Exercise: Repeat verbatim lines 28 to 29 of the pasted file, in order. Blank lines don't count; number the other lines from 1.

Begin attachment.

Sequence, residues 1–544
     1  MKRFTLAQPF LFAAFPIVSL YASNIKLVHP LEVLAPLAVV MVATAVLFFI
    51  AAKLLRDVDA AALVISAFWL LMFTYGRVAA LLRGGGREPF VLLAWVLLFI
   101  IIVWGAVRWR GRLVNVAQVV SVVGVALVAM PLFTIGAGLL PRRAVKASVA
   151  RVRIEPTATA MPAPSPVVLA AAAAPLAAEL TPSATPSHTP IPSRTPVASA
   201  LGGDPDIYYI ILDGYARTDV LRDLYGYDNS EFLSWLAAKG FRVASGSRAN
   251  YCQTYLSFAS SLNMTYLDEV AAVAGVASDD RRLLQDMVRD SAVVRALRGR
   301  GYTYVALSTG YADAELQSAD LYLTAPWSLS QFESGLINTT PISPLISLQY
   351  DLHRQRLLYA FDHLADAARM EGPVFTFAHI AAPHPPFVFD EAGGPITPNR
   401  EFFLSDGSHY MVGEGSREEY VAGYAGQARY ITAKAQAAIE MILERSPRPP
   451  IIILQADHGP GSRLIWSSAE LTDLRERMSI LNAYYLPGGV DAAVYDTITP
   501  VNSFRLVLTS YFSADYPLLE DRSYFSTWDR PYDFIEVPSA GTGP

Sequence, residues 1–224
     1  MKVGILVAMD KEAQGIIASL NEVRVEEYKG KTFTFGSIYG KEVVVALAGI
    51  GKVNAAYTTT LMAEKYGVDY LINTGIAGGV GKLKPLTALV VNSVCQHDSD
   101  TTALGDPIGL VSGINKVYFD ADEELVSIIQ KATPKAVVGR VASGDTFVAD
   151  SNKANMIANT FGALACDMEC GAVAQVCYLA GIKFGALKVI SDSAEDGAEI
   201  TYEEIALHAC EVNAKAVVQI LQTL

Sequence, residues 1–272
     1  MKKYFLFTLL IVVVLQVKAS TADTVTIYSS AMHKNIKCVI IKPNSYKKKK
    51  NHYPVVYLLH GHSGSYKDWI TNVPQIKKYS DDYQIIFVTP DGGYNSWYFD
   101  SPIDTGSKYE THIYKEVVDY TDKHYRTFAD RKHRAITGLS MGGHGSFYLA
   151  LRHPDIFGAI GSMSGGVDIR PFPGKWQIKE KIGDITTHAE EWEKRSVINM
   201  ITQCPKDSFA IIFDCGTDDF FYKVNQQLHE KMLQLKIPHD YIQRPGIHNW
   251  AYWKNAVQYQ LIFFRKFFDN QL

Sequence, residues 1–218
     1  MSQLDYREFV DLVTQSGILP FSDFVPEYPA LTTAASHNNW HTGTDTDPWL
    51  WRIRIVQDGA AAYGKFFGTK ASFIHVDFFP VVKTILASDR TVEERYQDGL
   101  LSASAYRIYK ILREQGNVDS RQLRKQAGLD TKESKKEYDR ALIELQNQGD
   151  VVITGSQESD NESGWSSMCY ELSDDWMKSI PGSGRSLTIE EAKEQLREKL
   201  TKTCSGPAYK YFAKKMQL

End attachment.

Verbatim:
    51  WRIRIVQDGA AAYGKFFGTK ASFIHVDFFP VVKTILASDR TVEERYQDGL
   101  LSASAYRIYK ILREQGNVDS RQLRKQAGLD TKESKKEYDR ALIELQNQGD